Christianity,

I Say No to the Manhattan Declaration

The Manhattan Declaration attempts to join Christians together against abortion, in protection of traditional marriage, and for religious freedoms. But in reading the document I realized that I cannot sign it. The entire document has language that is troubling, but the following paragraph convinced me that I cannot sign it

We are Christians who have joined together across historic lines of ecclesiastic differences to affirm our right—and, more importantly, to embrace our obligation—to speak and act in defense of these truths. We pledge to each other, and to our fellow believers, that no power on earth, be it cultural or political, will intimidate us into silence or acquiescence. It is our duty to proclaim the Gospel of our Lord and Savior Jesus Christ in its fullness, both in season and out of season. May God help us not to fail in that duty.

First, I don’t agree that everyone who signs this document is a Christian and some people teach things that I cannot approve of. With such people, I cannot agree that we are both proclaiming the same Gospel. For example, I took a look at the leaders who signed the document and can see that there are Catholics leaders signing this document. The Catholic church has problematic doctrine that adds the tradition of men and the sayings of popes to the Gospel. Protestant churches largely believe justification by faith in Christ alone is at the heart of the Gospel; while the Catholic church teaches that it’s not justification by faith alone, but there are sacraments and other traditions by which the church makes it possible for someone to reach heaven.  I realize there are a variety of Catholics, who, despite the teachings of the Catholic church possess a genuine faith in Jesus Christ as their Savior; but I cannot sign a document proclaiming that I am in unity with the Catholic church’s gospel when I know that we are not.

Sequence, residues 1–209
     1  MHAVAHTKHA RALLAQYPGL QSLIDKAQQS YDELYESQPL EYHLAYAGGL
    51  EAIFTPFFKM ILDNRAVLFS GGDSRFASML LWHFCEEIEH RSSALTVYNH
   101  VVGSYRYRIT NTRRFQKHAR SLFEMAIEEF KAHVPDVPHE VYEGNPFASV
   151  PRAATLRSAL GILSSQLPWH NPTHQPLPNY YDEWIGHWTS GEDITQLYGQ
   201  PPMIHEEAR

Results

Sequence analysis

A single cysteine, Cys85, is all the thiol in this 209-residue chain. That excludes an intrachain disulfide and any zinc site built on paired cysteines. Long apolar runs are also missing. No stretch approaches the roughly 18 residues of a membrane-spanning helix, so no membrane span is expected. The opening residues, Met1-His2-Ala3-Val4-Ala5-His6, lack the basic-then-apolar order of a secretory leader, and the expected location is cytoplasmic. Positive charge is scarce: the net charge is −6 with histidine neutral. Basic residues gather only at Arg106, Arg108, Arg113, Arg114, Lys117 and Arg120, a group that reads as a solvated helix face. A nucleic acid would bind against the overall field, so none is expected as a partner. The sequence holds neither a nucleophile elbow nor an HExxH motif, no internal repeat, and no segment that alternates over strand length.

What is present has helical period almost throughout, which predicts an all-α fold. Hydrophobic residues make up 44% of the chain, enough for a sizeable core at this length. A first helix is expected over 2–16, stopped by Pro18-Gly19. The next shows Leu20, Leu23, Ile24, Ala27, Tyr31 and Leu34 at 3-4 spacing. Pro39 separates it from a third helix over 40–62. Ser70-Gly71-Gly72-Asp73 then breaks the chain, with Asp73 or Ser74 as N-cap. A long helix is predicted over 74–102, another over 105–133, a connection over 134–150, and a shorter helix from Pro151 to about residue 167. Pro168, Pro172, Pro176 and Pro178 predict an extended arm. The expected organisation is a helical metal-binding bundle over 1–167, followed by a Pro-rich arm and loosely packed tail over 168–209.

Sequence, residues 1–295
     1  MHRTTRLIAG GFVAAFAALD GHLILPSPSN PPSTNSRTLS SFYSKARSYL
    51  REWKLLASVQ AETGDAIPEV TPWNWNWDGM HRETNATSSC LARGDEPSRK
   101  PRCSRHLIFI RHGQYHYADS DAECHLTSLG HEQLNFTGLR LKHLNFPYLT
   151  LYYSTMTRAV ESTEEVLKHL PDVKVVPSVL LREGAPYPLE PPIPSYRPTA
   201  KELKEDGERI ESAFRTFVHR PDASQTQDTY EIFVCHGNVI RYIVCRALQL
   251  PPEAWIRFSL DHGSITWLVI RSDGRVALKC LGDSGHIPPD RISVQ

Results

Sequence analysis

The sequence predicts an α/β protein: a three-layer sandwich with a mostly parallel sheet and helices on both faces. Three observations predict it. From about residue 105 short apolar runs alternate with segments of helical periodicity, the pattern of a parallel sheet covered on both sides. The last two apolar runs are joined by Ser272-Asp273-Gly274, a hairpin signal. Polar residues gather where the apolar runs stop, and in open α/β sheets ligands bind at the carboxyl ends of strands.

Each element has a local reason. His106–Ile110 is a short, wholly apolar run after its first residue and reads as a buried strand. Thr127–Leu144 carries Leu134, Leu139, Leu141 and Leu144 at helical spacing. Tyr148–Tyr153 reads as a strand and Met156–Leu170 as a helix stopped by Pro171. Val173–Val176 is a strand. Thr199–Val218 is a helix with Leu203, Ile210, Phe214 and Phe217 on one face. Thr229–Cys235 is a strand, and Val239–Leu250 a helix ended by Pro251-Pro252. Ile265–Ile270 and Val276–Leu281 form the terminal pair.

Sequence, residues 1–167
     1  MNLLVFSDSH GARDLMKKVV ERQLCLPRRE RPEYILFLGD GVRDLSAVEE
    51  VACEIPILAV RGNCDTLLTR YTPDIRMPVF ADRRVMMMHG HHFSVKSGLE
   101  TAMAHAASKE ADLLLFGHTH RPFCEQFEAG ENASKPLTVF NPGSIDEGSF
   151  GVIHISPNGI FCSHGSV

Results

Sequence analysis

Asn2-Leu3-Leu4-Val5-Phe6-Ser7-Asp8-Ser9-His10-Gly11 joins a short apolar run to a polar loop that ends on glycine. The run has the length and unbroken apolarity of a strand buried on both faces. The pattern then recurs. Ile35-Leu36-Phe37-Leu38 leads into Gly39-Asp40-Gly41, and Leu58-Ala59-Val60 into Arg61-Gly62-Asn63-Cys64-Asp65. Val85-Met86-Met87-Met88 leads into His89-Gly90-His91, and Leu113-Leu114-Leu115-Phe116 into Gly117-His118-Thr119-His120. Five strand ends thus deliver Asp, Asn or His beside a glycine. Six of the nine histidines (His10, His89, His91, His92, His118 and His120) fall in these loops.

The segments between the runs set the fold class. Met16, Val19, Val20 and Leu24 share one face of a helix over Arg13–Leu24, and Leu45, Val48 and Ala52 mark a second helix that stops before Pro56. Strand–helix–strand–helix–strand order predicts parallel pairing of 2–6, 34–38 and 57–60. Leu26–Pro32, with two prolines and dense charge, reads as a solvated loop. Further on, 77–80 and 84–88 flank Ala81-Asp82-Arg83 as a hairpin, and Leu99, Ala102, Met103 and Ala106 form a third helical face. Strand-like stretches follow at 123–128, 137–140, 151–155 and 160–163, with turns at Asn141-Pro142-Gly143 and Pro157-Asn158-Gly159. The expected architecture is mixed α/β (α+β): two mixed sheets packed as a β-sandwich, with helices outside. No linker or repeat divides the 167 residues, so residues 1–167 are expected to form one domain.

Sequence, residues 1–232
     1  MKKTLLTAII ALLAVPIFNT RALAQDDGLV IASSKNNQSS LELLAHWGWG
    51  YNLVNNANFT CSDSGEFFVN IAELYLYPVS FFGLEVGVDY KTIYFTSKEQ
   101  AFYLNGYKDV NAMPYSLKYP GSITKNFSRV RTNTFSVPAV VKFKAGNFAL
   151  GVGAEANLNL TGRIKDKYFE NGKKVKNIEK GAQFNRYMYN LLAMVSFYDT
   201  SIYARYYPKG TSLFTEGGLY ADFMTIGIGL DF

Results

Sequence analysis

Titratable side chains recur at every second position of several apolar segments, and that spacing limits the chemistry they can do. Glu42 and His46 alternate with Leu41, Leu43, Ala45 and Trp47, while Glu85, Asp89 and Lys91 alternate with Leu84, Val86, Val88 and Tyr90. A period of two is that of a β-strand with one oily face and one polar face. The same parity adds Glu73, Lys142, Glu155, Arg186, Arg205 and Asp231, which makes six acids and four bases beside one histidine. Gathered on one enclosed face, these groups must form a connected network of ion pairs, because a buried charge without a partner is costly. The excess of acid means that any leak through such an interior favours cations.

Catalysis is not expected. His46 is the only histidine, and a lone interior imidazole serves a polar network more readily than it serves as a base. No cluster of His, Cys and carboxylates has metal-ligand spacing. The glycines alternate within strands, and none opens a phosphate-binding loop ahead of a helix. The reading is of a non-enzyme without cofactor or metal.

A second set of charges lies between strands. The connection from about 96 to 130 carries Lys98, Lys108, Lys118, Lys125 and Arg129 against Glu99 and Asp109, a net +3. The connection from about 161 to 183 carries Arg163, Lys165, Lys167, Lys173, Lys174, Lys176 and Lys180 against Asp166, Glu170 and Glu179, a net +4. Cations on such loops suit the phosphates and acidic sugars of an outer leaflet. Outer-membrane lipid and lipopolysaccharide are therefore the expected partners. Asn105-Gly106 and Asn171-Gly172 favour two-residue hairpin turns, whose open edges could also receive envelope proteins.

Also, consider that there are false teachers in many denominations, Catholic and more, who lead people away from the truth and teach dangerous lies; how can I, in good conscience, sign this document and have my name permanently side-by-side with such people? It would be foolish for me to sign it.

Second, the declaration confuses the Gospel and is more likely to communicate a false understanding of the Gospel. Today we have the prosperity gospel, the social gospel, the universalism gospel. I can recall my own personal conversations with a Catholic teacher who clearly taught a false gospel. I do not agree that I stand side-by-side with the other signers proclaiming the Gospel of our Lord and Savior Jesus Christ.

The declaration also makes no mention of the contents of the Gospel. It briefly mentions it, immediately after a section talking about the social issues. This makes the Gospel seem more to do with social issues than with the Gospel of Jesus that was taught in the Bible. The Gospel in the Bible teaches that all have sinned and fallen short and are in need, not of social justice, but of forgiveness of sins. And the good news of the Gospel is that Jesus Christ has accomplished the forgiveness of sins through his death on the cross and that this forgiveness is a free gift from God for all who repent of their sins and believe in Christ as Lord and Saviour.

This declaration would be much better if it stuck with combating the social evils. I desire remedies to these social evils, but it is more important to take seriously the Gospel of our Lord Jesus Christ and not confuse it by providing opportunities for it to be attached to false gospels. America is already confused enough about the Good News. Many professed Christians cannot give a correct answer to this essential truth of the Christian faith. It is of prominent importance to stand firm and proclaim the Gospel with clarity and without mixture, synthesis, or confusion.

John MacArthur also has an excellent response.

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